PAWTUCKET — How much more wear and tear can the century-old Division Street Bridge take from the I-95 truck detours before costly repairs have to be made? That is the million dollar question that City Councilors were asking this week following a state inspection report that listed the bridge as being in “fair” condition.
Pawtucket's involuntary role in the state's massive replacement project of the I-95 Pawtucket River Bridge has been a topic of much angry discussion dating back to the fall of 2007, when the bridge span that carries the northbound and southbound lanes of I-95 was found to be structurally unsound. In November of that year, the Rhode Island Department of Transportation imposed a detour and an 18-ton weight restriction for tractor trailers. Drivers were notified they would be diverted over the Division Street Bridge or could use Route 295 or 146 as alternate routes.
While the replacement project is now underway, the tracker trailers are still being re-routed over the Division Street Bridge and this scenario will remain for at least another year. The fact that the City Councilors only recently received a report about an inspection that took place in May of 2010 has raised concerns once again and further rankled those that have been lobbying the state for financial aid on Pawtucket's behalf.
At Wednesday's City Council meeting, Councilor Albert Vitali noted that the Division Street Bridge continues to take a pounding from the tractor trailers as well as the vibrations from pile driving and other heavy construction work going on nearby as part of the I-95 project.
He expressed concerns about the impact this is having on the bridge, especially since the last inspection that labeled it as being in fair shape was done over a year ago and the truck traffic will continue for another year.
Vitali cited estimates included in the RIDOT report that put the cost of replacing the historic Division Street Bridge, which is under the city's jurisdiction, as being between $6 and $9 million, and said that Pawtucket taxpayers should not be left with having to pay this tab.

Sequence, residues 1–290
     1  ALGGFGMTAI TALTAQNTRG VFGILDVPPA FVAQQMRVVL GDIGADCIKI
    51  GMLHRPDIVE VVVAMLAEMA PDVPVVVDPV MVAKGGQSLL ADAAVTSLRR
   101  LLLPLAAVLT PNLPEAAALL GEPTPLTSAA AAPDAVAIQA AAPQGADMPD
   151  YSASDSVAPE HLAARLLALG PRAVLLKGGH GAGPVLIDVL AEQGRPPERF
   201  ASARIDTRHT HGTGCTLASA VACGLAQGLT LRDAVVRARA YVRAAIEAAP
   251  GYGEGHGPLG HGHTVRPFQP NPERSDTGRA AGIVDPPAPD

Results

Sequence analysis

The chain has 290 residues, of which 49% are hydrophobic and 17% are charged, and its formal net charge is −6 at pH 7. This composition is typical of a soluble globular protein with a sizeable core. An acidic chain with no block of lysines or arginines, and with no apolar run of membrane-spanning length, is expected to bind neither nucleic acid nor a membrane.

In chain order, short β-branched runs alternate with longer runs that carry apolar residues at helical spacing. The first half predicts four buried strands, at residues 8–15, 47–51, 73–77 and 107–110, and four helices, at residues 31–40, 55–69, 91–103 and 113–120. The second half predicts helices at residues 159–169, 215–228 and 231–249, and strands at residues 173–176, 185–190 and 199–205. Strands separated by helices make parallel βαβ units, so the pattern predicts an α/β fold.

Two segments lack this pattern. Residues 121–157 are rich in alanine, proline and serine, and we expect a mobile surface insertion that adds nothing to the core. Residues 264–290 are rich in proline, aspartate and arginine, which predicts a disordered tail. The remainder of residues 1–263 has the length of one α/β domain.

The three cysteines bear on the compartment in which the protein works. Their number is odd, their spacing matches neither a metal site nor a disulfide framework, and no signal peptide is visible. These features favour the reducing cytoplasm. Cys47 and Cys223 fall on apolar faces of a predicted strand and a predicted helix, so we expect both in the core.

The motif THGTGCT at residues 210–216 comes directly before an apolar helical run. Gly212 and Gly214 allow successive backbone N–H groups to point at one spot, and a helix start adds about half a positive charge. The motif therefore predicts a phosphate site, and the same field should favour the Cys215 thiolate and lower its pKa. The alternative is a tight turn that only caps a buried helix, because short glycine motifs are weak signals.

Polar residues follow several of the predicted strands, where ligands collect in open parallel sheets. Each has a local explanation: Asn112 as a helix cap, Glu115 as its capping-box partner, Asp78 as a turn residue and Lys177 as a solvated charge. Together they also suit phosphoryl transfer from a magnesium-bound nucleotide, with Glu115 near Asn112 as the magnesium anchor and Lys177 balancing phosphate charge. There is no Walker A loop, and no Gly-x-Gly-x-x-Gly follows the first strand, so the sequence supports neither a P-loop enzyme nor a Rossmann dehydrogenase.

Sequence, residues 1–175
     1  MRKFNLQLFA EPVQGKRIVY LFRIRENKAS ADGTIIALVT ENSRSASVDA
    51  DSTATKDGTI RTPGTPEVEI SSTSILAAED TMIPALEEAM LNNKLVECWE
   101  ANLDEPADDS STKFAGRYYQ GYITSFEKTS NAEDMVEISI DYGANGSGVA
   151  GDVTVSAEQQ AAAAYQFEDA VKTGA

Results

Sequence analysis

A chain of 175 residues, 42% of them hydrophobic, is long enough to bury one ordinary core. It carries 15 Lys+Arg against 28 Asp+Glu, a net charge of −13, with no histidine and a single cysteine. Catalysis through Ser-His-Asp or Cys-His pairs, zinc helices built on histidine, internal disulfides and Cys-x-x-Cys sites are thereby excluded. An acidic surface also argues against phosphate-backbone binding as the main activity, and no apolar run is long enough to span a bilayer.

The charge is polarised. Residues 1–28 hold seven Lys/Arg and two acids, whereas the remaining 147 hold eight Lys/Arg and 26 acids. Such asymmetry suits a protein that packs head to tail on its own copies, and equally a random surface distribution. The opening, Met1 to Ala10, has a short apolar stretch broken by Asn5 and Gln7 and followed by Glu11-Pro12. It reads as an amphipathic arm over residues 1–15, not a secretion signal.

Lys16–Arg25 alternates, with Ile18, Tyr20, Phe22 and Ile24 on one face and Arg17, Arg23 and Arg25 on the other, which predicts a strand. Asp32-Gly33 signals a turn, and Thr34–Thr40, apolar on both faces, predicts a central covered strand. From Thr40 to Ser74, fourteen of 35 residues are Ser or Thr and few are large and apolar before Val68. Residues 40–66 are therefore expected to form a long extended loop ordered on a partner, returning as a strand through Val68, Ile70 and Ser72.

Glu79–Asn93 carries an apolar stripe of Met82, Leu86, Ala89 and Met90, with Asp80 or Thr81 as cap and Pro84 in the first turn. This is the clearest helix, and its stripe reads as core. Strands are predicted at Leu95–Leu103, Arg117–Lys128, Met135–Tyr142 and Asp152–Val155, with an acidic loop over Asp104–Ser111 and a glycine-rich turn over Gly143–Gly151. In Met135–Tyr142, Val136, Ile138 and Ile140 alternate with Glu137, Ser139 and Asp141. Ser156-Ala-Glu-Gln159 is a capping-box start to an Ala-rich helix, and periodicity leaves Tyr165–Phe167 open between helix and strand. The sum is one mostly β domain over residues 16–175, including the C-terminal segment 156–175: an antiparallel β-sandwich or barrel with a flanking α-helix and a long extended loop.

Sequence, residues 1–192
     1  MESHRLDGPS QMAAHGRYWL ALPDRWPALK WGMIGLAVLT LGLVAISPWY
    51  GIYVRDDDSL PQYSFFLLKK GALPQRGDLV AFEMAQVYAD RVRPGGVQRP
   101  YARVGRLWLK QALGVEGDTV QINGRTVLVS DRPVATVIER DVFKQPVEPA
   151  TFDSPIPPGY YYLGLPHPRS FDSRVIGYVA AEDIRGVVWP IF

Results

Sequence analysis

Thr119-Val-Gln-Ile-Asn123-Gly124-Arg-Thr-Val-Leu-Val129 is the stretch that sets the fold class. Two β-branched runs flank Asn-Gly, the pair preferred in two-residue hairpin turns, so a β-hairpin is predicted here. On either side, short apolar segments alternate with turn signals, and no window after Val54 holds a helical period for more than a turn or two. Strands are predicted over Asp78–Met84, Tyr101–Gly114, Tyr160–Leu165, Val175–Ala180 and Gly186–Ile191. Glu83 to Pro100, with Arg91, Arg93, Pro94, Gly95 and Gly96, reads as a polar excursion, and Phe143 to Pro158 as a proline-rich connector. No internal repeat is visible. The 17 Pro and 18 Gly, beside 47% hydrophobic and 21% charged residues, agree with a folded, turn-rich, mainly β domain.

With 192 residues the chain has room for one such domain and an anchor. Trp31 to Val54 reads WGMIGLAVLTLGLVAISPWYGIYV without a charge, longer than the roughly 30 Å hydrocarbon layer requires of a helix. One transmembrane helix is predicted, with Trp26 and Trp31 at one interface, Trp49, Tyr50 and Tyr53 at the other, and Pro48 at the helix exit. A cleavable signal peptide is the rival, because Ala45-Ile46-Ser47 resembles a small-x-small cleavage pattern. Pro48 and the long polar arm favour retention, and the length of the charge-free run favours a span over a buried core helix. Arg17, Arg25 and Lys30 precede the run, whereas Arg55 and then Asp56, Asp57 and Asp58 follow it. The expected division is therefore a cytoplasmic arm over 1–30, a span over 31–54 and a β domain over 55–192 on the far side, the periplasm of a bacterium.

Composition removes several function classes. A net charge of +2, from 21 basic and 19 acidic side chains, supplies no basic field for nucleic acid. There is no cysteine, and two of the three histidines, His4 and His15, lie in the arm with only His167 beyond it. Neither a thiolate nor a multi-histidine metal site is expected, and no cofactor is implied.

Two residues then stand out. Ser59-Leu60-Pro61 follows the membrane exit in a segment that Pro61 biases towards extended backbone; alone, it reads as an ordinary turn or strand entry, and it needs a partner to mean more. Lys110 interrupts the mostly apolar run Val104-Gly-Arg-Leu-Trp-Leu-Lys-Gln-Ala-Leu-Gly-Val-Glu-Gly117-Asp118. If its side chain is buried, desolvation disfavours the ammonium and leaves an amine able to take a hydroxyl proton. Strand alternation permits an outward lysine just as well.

Vitali has long been pressuring state officials to allow Pawtucket to share in the millions of dollars of revenue from fines that have been collected from trucking companies for detour violations. He also expressed disappointment in the local legislators, saying he didn't think they had done enough to get state aid for the city. On Wednesday, he stepped up the call for city officials to obtain a firm commitment from the state that it will pay for any repairs or replacement of the city bridge.
City Councilor John Barry, who represents District 4, concurred with the concerns raised about the historic span and its continued use as a detour for the tractor trailer trucks. “That bridge was not built for an automobile, much less 16-wheelers,” noted Barry. He requested, and the council agreed, that a letter be sent to RIDOT requesting that the council receive a report on the condition of the Division Street Bridge every six months while the I-95 bridge project is underway. The council is also requesting a written commitment from RIDOT about making repairs to the Division Street Bridge once the detour has ended.
City Councilor Christopher O'Neill and City Council President David Moran also expressed frustration about the lack of attention being paid to Pawtucket by RIDOT and agreed that the members of the local legislative delegation should be pushing harder on this matter. Moran added that while he sees the importance of having a cooperative relationship between the city and RIDOT on the I-95 Pawtucket River Bridge replacement project, he nevertheless believes it may turn adversarial if RIDOT continues to ignore the city's requests. “Everything seems to fall on deaf ears,” he stated.
According to RIDOT spokesman Charles St. Martin, the Division Street Bridge is inspected every two years, as are all of the state's bridges. When told of the concerns of Pawtucket city officials about the continued use of the 100-year-old span, he said that with the bridge's arch design and stone construction, it is considered to be in overall good condition and able to safely withstand the additional weight and truck traffic.
St. Martin also said that the first phase of the construction work on the northbound side of the Pawtucket River Bridge, which involves the Division Street Bridge detour, is expected to be completed well within a year. Having this new section in place will allow for the weight limit and detour to be removed on northbound I-95 only, which will greatly cut down on the traffic using the Division Street Bridge.
According to the State Police, to date, a total of $9.3 million in violations has been issued to tractor trailer truck drivers caught using the I-95 Pawtucket River Bridge since the weight and axle restrictions went into effect in 2007.
According to recent data, the State Police have stopped a total of 24,299 trucks suspected to be in violation of the bridge restrictions since 2007. Of those stopped, 843 have been weighed and 706 have been cited for being in violation of the 18-ton limit.
The most frequent violation has been for ignoring the posted bridge signs. Of the total amount of trucks pulled over, 16,033 were cited for “obedience to devices” and 1,966 were cited for violation of the axle limit (the posted limits allow no more than 2-axles per unit and no 3-axle vehicles, which includes most standard tractor trailers).
Attempts to obtain data from state officials on how much of the bridge fine money has been collected to date from the trucking companies were unsuccessful on Friday.